Robert Raikes

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For other people named Robert Raikes, see Robert Raikes (disambiguation).
Robert Raikes
Raikes.jpg
Born (1736-09-14)14 September 1736
Gloucester, England
Died 5 April 1811(1811-04-05) (aged 74)
Gloucester, England
Nationality British
Occupation Philanthropist
Known for founded Sunday school movement
Religion Anglican
Spouse(s) Anne Trigge
Children 3 sons & 7 daughters

Robert Raikes ("the Younger") (14 September 1736 – 5 April 1811) was an English philanthropist and Anglican layman, noted for his promotion of Sunday schools. Pre-dating state schooling and by 1831 schooling 1,250,000 children, they are seen as the first schools of the English state school system.

Raikes was born at Ladybellegate House, Gloucester, in 1736,[1] the eldest child of Mary Drew and Robert Raikes, a newspaper publisher. He was baptised on 24 September 1736 at St Mary de Crypt Church in Gloucester. On 23 December 1767 he married Anne Trigge, with whom he had three sons and seven daughters. Their oldest son Reverend Robert Napier Raikes had a son General Robert Napier Raikes of the Indian Army.

Sunday schools[edit]

Robert initiated the Sunday school movement. He inherited a publishing business from his father, becoming proprietor of the Gloucester Journal in 1757.

The movement started with a school for boys in the slums. Raikes had been involved with those incarcerated at the county Poor Law (part of the jail at that time) and saw that vice would be better prevented than cured. He saw schooling as the best intervention. The best available time was Sunday as the boys were often working in the factories the other six days. The best available teachers were lay people. The textbook was the Bible, and the originally intended curriculum started with learning to read and then progressed to the catechism.[2][3]

Statue of Robert Raikes next to Queen's Park, Toronto, ON, Canada
Front and back of the 1880 "Centenary of Sunday Schools" medal distributed to children attending Sunday Schools that year.

Raikes used the paper to publicise the schools and bore most of the cost in the early years. The movement began in July 1780 in the home of a Mrs Meredith. Only boys attended, and she heard the lessons of the older boys who coached the younger. Later, girls also attended. Within two years, several schools opened in and around Gloucester. He published an account on 3 November 1783 of Sunday schools in his paper, and later word of the work spread through the Gentleman's Magazine, and in 1784, a letter to the Arminian Magazine.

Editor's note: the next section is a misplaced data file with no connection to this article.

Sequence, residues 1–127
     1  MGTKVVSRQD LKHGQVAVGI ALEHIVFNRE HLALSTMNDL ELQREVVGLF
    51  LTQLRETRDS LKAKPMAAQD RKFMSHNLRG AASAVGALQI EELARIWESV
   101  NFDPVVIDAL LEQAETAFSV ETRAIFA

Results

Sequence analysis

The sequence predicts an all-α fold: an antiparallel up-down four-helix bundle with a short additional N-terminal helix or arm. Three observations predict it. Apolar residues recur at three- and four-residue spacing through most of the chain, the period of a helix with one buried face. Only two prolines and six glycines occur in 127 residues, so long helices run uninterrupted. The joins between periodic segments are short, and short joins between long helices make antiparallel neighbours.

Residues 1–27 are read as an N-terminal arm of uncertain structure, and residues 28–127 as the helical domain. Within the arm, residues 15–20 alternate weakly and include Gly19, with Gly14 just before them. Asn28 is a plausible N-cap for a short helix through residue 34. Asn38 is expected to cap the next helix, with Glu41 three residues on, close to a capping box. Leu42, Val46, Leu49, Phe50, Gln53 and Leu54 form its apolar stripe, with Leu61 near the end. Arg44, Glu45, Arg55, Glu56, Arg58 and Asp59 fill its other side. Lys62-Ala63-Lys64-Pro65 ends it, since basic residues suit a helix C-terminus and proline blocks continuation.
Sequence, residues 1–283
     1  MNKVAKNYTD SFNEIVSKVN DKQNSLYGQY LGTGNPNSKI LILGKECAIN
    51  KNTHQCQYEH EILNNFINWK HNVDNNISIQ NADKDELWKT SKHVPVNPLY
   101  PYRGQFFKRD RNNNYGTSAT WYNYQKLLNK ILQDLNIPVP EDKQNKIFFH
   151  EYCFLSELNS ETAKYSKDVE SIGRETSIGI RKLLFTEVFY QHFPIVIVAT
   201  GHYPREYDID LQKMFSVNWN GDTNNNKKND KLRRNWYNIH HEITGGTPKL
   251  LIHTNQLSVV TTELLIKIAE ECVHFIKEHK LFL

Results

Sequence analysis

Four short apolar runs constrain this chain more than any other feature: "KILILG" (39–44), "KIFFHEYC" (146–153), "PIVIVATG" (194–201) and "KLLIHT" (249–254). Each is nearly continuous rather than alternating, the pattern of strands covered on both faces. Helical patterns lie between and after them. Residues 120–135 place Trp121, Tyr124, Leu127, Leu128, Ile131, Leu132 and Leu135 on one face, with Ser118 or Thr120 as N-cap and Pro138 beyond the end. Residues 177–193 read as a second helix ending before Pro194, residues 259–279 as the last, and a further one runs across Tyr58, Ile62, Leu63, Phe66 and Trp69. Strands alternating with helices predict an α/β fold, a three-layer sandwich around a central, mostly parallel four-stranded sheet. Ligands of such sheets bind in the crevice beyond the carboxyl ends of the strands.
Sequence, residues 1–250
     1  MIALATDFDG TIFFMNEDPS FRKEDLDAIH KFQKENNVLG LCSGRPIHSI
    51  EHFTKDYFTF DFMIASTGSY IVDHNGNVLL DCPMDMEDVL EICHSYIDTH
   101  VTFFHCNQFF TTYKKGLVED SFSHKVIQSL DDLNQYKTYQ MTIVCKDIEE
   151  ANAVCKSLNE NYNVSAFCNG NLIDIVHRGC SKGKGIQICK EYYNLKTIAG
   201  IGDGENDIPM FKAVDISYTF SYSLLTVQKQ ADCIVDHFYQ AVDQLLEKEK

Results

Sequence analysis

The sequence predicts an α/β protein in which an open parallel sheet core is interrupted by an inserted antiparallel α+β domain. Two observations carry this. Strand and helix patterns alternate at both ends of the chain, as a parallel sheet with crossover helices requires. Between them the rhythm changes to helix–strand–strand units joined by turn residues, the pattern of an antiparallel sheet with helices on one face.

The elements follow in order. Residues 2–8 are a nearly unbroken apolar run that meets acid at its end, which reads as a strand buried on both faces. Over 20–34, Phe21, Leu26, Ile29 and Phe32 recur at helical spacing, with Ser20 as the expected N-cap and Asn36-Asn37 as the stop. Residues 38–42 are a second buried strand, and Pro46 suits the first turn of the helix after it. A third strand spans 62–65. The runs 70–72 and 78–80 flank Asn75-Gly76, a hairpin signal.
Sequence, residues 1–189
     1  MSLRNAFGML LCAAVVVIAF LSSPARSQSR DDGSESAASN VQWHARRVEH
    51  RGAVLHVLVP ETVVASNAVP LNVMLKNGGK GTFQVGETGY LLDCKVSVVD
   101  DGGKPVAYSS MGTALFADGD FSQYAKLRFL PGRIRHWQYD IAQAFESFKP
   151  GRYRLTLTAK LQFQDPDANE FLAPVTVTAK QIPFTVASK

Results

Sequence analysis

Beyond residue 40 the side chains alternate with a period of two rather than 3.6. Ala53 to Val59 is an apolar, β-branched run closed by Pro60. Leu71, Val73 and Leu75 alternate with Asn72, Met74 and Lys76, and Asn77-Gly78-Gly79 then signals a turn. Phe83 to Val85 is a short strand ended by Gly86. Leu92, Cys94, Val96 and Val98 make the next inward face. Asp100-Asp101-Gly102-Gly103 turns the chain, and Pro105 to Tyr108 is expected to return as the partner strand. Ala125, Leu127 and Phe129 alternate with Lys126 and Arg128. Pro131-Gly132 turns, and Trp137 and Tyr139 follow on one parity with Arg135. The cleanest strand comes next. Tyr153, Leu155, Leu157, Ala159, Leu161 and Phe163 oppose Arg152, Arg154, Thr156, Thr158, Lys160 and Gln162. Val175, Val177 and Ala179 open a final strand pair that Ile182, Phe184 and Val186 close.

The original schedule for the schools, as written by Raikes was "The children were to come after ten in the morning, and stay till twelve; they were then to go home and return at one; and after reading a lesson, they were to be conducted to Church. After Church, they were to be employed in repeating the catechism till after five, and then dismissed, with an injunction to go home without making a noise."[4]

There were disputes about the movement in the early years. The schools were derisively called "Raikes' Ragged School". Criticisms raised included that it would weaken home-based religious education, that it might be a desecration of the Sabbath, and that Christians should not be employed on the Sabbath. Some leading ecclesiastics—among them Bishop Samuel Horsley—opposed them on the grounds that they might become subservient to purposes of political propagandism.[5] "Sabbatarian disputes" in the 1790s led many Sunday schools to cease their teaching of writing. Notwithstanding all this, Adam Smith gave the movement his strongest commendation: "No plan has promised to effect a change of manners with equal ease and simplicity since the days of the Apostles."

By 1831, Sunday schools in Great Britain were teaching weekly 1,250,000 children, approximately 25 percent of the population. As these schools preceded the first state funding of schools for the general public, they are seen as the forerunners of the current English school system.

For a story-essay on Robert Raikes and his role in starting the Sunday School movement, see Nathaniel Hawthorne's "A Good Man's Miracle."[6]

See also[edit]

References and sources[edit]

References
  1. ^ Heighway, Carolyn. Gloucester: a history and guide. Gloucester: Alan Sutton Publishing Limited, 1985, p. 135. ISBN 0-86299-256-7
  2. ^ "Robert Raikes, 1736–1811, Sunday School Movement". Believer's Web. Retrieved 27 June 2006. 
  3. ^ Power, John Carroll (1863). The Rise and Progress of Sunday Schools: A Biography of Robert Raikes and William Fox. New York: Sheldon & Company. 
  4. ^ Moses, Montrose J. (1907). Children's Books and Reading. New York: Mitchell Kennerley. 
  5. ^ Rae, John (1895). Life of Adam Smith. London & New York: Macmillan & Co. 
  6. ^ Hawthorne, Nathaniel (1844). "A Good Man's Miracle". Retrieved 7 November 2012. 
Sources
  • Anita McCONNELL, 'Raikes, Robert (1736–1811)' in ODNB, OUP, 2004 [1]
  • Alfred GREGORY, Robert Raikes, Journalist and Philanthropist, A history of the origin of Sunday Schools published by Hodder and Stoughton, 1800s but undated.
  • J.M. HARRIS, Robert Raikes, the man and his works.
  • Frank BOOTH, Robert Raikes of Gloucester published 1980.

Further reading[edit]

  • Rogers, M. Ladybellegate House, Gloucester and Robert Raikes. Gloucester: Gloucestershire Record Office, 1975.

External links[edit]